We have used Pentium II computers, with clock speed of 366 and 600 MHz. A single model atmosphere with Compton scattering has been obtained after 2.5 - 4 days of computations.
4.1. Temperature structure
In all considered models irradiated by the external X-rays, Compton scattering causes very significant effect on temperature run in a stellar atmosphere. In case of pure hydrogen-helium models flux of incoming X-rays heats up atmosphere even by more than three orders of magnitude, as presented in Fig. 1. This is because Compton scattering opacity is the only efficient absorber of X-ray energy, contrary to very small absorption opacity provided by hydrogen and helium ions. Paper II gives an extensive presentation of rather small heating effects, which external X-rays exert in H-He models in presence of coherent Thomson electron scattering (see dotted lines in Fig. 1 of this paper). This is a rather dramatic change of physical conditions in an illuminated atmosphere. In particular, when the irradiating X-ray flux is extremely strong, then the temperature rises by more then 10 times even in the deepest layers, .
In case of iron rich models, temperatures stabilize also on very high values of the order of millions K (Fig. 2). However, Compton scattering can sometimes diminish temperature of illuminated atmosphere, as compared with models assuming Thomson scattering (Fig. 3). This can occur for weaker external X-ray fluxes, in which case Compton scattering reradiated excess of thermal energy. In previous models with Thomson scattering, iron ions were rather poor emitters of reprocessed energy.
4.2. Outgoing spectra
Fig. 4 presents X-ray and extreme UV spectra for the series of hydrogen-helium models with various dilution factors w. The solid line is the spectrum of LTE nonilluminated model, showing outgoing flux for wavelengths Å . Dashed lines represent spectra of illuminated models with Compton scattering, whereas dotted lines represent two sample outgoing spectra computed with coherent Thomson scattering (Paper II). One can see dramatic difference between both series of models. Our code with Compton scattering is able to reproduce very significant redistribution effects: practically all the irradiating hard X-ray photons are backscattered as softer photons with energies reduced by few orders of magnitude. Thermal absorption of X-rays by H and He ions is of marginal significance. Flux can increase even by over 15 orders of magnitude due almost solely to Comptonization. Therefore, Compton scattering in our models just creates soft X-ray and extreme UV continuum with distinct hump, which obviously can correspond to soft X-ray excess in AGN. We can also note the existence of distinct Compton cut-off of the outgoing flux.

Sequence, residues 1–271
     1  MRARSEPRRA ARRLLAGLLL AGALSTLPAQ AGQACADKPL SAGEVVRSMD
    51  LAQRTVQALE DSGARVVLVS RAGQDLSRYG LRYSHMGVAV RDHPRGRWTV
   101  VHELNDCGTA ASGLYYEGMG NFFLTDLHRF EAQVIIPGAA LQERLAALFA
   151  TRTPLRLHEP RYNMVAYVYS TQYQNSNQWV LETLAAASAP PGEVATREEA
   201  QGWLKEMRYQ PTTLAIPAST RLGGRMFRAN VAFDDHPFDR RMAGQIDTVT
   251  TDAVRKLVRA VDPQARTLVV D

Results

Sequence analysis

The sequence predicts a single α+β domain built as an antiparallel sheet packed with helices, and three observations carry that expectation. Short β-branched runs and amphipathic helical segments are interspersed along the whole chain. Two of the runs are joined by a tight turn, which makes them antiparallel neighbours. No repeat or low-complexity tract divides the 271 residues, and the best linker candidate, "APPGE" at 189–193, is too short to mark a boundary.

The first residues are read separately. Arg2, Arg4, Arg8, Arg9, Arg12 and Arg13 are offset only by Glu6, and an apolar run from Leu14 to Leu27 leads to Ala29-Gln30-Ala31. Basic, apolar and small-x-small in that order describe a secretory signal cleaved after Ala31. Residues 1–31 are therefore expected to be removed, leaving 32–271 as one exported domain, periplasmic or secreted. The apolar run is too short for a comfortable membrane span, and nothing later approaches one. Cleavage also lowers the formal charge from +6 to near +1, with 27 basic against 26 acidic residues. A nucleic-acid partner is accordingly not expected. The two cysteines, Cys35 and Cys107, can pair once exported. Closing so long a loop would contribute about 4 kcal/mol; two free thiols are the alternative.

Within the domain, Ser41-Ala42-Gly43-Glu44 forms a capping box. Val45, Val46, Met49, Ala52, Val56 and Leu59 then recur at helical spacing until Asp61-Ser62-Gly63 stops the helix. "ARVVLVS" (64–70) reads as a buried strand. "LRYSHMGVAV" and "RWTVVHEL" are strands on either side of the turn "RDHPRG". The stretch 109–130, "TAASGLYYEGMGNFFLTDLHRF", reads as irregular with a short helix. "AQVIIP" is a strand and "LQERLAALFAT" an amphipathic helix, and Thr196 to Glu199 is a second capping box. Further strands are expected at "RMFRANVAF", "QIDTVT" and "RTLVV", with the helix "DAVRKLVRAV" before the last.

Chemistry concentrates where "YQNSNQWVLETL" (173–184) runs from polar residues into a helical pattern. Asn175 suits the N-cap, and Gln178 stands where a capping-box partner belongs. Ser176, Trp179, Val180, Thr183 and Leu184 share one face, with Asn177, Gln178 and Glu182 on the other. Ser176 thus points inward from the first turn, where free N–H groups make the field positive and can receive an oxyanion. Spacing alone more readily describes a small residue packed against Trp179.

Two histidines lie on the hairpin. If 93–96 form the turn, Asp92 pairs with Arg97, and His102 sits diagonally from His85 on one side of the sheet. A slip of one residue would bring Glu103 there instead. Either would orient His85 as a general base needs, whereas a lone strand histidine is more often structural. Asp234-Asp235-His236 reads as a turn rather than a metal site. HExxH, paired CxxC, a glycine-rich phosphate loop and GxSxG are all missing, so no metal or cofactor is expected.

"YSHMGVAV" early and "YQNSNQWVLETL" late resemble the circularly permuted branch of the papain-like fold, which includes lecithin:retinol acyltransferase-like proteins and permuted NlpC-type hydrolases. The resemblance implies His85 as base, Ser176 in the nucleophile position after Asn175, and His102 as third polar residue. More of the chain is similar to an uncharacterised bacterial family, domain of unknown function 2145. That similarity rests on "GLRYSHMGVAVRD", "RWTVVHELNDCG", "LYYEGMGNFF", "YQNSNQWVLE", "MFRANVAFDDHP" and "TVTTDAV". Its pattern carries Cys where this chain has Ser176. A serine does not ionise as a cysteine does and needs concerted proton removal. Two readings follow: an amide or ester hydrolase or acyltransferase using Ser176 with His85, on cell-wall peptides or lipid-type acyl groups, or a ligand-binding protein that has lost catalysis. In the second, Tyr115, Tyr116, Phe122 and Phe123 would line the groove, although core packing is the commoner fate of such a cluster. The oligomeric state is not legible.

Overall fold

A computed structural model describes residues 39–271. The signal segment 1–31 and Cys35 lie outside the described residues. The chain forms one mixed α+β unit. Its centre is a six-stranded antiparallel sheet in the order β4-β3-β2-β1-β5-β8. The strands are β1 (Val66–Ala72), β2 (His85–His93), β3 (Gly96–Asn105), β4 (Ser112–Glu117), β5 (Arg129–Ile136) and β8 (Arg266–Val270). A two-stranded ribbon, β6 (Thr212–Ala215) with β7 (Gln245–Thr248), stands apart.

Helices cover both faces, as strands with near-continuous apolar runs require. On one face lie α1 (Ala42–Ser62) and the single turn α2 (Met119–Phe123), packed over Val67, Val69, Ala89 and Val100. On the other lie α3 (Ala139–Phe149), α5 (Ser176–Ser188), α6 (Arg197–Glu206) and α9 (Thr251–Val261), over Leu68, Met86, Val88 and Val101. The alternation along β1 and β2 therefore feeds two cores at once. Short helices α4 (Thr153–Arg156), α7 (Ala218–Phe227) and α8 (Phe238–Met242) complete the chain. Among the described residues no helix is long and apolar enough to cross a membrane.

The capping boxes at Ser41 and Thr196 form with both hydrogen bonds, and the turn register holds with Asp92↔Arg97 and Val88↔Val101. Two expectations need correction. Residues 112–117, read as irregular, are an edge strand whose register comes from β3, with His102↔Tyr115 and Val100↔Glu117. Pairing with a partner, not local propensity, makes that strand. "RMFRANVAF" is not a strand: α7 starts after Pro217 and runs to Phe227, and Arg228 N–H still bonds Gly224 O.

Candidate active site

All spectral features, as hydrogen and helium ionization edges completely disappear due to Comptonization even for low external illumination. This effect can be seen in Fig. 5, which shows series of synthetic spectra around hydrogen Lyman jump at 912 Å . It is obvious, that even for moderate external illumination, , Lyman jump practically disappears. For stronger external X-ray flux, absorption Lyman lines also disappear and even can reverse to emission.
Fig. 6 presents X-ray and EUV spectra for series of iron rich models. One can easily trace the evolution of spectra with increasing . Continuum of those spectra raises very distinctly, however, we did not claim the existence of dominating soft X-ray hump. There exist numerous iron b-f opacity jumps in emission, which can contribute to excess X-ray emission. In all spectra we note the existence of Compton scattering cut-off, with its threshold energy increasing with increasing .
Fig. 7 presents two pairs of synthetic X-ray spectra computed either with the account of Compton scattering (dashed lines) or with Thomson scattering (dotted lines). One can easily note that even in iron rich models, Compton scattering raises that part of continuum spectra even by factor 100.
In case of iron rich models, hydrogen Lyman edge behaves in a slightly different way. Comparison of Fig. 5 and Fig. 8 shows, that significant reduction of the Lyman jump requires much stronger external X-ray flux in iron rich models. At the same time emission cores in Lyman lines are stronger.
We believe, however, that redistribution effects of the incoming X-ray flux are apparently exaggerated, see the outgoing Comptonized spectra in Fig. 4 and Fig. 6. Our artificial numerical assumption (Eq. 25) probably causes, that the high energy cut-off exhibited in both figures is too steep. Rejecting of such an assumption probably will result with more soft decrease of the outgoing X-ray flux with increasing photon energy.
© European Southern Observatory (ESO) 2000
Online publication: December 5, 2000